Sorry I can only get the link to load. Missing a step somewhere get the image to come along. There is about a weeks worth of part time work is these grips. Takes a while when you start from and old block of wood. 😊
Toroidal lugs are proprietary to the American Rifle Company Actions. First released in the Mausingfield action and now more recently in the less “beefy” Nucleus. The Mausingfield is expensive, tough, smooth to operate, and gaining popularity in the long range precision rifle custom builds. The Nucleus is less expensive but retains all of the core innovations of the Mausingfield including the toroidal bolt lugs. As a less expensive version of the ARC design, the Nucleus is selling like hot cakes. It seems that if this lug system is not what it’s cracked up to be, it won’t be long before the fat lady sings.
I know we have some very good engineering minds on the forum and I would like to ask for some EDUCATED in put here.
Over the last year there have been a few requests for a reloading glossary as a resource on the forum. That project is now underway with the participation of all of the forum monitors. The intent is to produce a list of terms commonly used in our reloading discussions to help uniform the terminology used and to help new members have a resource to consult.
Im sure the list will not be totally comprehensive, but we will do our best. The glossary will contain reloading terms, as well as, some terms that relate to ballistics and rifle components if they are important to the goals of quality reloading. (ex. throat, leade, bullet jump, etc). If there are terms that you think are misused, not well known, or confusing, please send me a PM with your suggestions for inclusion into the list.
We are thinking about a month to get this glossary put together and edited by all the monitors.
It’s time to retire some old brass and I’m considering going to the Lapua SP brass for my RPR. I’m curious if anyone who has already done this, has had any problems with the RPR standard firing pin causing damage to the primers.
I could have Gre-Tan bush the pin, but would need to plan for it if it’s a necessary change.
Today I had a very knowledgeable gunsmith tell me that recent Bartlein barrel quality has taken a nosedive resulting in significantly shortened barrel life. I’m hoping this is just a nasty “fake news” rumor. I’m curious if any one has some corroborative info on the subject?
It seems bullet manufacturers are riding the market wave for higher and higher ballistic coefficients in their products. With a set diameter, only bullet shape and bullet weight play major roles in the external ballistics of the projectile. I’m using the term shape to describe predominantly the ogive and bullet base forms incorporated in modern projectiles. Bullet shape seems to have been optimized and now there is a push to increase bullet weight to increase length and thus BC of the bullet. Case in point - the 147 gr Hornady and 150 gr Sierra offerings for the 6.5 bore.
Precision shooting correctly focuses on bullet BC, but time to target (velocity) is also an important factor. The 150 gr Sierra comes with a recommendation to use a faster barrel twist which inhibits velocity. With increasing bullet weight, increased barrel twist, and a static case capacity, it seems there has to be a point where limitations in velocity begin to defeat any benefit of increased BC. If this logic is correct, where is that point for the 6.5 Creedmoor case?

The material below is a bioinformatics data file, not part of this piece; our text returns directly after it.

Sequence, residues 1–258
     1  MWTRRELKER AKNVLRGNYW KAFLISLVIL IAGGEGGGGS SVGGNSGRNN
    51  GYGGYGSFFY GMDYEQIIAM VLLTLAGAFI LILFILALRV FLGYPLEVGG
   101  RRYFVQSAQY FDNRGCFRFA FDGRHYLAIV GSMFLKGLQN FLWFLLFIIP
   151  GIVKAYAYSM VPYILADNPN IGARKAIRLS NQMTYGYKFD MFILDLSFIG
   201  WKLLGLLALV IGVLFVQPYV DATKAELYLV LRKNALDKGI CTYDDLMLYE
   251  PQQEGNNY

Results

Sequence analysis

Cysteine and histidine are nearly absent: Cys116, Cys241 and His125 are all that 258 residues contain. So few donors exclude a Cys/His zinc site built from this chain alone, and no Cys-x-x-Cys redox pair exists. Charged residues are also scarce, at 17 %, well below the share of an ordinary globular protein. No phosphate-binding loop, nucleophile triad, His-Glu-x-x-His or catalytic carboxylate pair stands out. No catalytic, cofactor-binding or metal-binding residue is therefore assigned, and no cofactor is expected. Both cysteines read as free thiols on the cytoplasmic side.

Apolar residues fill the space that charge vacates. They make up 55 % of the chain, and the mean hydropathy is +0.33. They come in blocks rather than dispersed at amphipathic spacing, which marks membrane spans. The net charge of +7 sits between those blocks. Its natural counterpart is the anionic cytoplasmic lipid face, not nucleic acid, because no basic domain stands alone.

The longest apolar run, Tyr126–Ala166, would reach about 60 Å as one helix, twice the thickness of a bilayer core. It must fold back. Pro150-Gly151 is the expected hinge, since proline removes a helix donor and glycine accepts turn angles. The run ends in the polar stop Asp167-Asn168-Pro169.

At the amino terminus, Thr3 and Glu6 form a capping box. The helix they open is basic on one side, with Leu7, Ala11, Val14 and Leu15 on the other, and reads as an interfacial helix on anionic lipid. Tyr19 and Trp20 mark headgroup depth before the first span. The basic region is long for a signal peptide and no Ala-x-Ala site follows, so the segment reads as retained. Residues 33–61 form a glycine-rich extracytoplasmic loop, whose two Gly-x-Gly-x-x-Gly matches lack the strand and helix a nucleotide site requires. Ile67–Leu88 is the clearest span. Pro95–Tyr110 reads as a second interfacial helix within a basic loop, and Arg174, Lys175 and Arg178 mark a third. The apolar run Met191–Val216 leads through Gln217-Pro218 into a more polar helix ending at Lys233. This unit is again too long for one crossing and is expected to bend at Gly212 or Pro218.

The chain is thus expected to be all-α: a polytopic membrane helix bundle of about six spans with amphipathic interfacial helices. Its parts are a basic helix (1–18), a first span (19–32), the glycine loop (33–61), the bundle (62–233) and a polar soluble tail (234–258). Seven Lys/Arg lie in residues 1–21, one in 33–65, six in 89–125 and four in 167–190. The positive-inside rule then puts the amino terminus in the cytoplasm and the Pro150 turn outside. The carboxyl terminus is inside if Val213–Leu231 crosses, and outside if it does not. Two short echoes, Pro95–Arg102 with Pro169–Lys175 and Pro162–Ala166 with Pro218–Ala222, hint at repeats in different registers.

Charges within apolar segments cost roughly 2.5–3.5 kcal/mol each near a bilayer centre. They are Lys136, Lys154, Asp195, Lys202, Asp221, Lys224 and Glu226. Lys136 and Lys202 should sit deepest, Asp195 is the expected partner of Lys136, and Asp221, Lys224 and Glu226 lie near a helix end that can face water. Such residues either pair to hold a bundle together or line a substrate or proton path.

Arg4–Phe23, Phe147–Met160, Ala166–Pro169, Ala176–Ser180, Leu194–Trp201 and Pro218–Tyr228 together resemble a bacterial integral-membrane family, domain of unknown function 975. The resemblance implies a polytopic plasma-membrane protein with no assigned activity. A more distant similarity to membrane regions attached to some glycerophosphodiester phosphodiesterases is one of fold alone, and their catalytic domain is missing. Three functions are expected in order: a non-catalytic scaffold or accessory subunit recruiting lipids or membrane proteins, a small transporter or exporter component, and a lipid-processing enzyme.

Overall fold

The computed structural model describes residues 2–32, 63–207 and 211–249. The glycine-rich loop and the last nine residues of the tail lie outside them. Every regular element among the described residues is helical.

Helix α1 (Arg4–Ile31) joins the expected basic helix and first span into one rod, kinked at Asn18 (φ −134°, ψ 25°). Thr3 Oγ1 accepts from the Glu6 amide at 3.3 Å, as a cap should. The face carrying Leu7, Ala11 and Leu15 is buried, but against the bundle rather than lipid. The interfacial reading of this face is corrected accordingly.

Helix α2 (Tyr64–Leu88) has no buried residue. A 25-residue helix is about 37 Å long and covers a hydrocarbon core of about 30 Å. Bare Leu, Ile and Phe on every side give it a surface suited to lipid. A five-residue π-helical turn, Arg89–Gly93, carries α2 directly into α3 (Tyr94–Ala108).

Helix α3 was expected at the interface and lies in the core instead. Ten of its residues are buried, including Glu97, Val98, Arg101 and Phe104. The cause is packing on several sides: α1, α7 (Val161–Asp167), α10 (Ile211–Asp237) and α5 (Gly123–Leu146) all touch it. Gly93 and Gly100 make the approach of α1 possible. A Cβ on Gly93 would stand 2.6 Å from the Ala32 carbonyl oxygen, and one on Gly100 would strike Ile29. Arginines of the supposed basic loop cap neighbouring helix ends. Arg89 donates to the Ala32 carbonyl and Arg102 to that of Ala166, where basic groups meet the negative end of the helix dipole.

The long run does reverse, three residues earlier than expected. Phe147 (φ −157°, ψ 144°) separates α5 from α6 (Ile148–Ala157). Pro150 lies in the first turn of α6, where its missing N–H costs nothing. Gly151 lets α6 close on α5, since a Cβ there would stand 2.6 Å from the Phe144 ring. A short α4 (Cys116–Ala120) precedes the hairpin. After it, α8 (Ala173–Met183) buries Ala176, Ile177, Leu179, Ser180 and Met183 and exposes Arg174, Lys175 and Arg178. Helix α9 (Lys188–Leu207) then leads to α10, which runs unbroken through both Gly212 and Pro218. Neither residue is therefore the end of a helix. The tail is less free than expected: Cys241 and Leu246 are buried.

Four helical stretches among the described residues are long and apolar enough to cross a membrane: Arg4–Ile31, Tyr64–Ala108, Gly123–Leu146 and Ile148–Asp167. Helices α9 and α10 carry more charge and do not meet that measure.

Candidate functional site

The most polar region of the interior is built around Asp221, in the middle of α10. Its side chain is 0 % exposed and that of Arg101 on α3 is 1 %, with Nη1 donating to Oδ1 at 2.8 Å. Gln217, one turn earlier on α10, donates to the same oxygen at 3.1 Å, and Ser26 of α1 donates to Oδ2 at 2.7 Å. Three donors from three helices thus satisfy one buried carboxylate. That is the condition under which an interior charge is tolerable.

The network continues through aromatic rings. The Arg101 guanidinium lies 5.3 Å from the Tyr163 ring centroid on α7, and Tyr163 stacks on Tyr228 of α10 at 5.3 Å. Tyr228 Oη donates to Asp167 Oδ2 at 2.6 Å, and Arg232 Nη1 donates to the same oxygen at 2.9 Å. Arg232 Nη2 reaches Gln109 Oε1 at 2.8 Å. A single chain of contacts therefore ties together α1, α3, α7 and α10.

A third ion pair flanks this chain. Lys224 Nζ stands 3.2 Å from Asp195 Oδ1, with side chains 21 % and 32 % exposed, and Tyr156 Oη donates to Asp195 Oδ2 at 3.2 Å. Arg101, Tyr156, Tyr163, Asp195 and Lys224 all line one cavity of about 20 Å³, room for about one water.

Another way of asking this question would be: Are the newer (145 + gr) 6.5 mm projectiles better suited for cases with capacities larger than the Creedmoor, such as the new PRS or the older 6.5/284 cases?
Bryce Towsley wrote a good, generally informative, article for SI on the 6.5 Creedmoor. His notes on powder options are right on point. Check it out if you can. I would like to see this gentleman in our membership. 😊
Here is a question for the action gurus of our family. I have a model 12 action in my LRP. Great rifle with very good accuracy thru a 28" Bartlein barrel. I shoot it prone on steel. Sometimes I get super aggravated when cycling a round because the bolt lift is so stiff that I lose my target picture in the scope. Even when stabilizing the stock with the bag and my left hand the rifle rotates more than I like. I have large strong hands, but the bolt lift is still too hard to allow me to lever it up with my thumb anchored to the back of the receiver. May be I'm spoiled from running my Kelbley and RPR actions which do not do this. I believe the Savage action cocks the firing pin on elevation of the bolt handle. Is there some bolt kit that I can install to make the action easier to cycle?
Great experience with these folks today. I had H4350 on my wish list and decided to call this morning to see when they were expecting a new shipment. While I was on the phone with Trent the Hodgdon delivery truck pulled into their unloading dock at 10:30. They unloaded the shipment processed my order and had it on the FedEx truck at 2:30. Four hours total to turn the product out for me. That's just plain good service. Thanx guys!